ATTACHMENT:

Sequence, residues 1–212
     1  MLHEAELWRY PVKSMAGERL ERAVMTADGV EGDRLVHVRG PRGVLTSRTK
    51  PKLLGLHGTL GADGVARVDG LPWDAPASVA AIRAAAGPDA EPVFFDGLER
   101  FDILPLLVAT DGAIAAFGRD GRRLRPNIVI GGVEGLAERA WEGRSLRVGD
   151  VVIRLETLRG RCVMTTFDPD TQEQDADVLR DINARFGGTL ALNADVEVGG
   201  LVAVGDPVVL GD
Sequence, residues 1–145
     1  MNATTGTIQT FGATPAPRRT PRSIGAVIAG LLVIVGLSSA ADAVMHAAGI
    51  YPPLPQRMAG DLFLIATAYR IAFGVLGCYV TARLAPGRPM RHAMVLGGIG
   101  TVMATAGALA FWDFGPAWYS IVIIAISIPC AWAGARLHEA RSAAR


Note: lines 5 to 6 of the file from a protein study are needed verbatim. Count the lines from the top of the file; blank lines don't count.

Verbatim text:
   151  VVIRLETLRG RCVMTTFDPD TQEQDADVLR DINARFGGTL ALNADVEVGG
   201  LVAVGDPVVL GD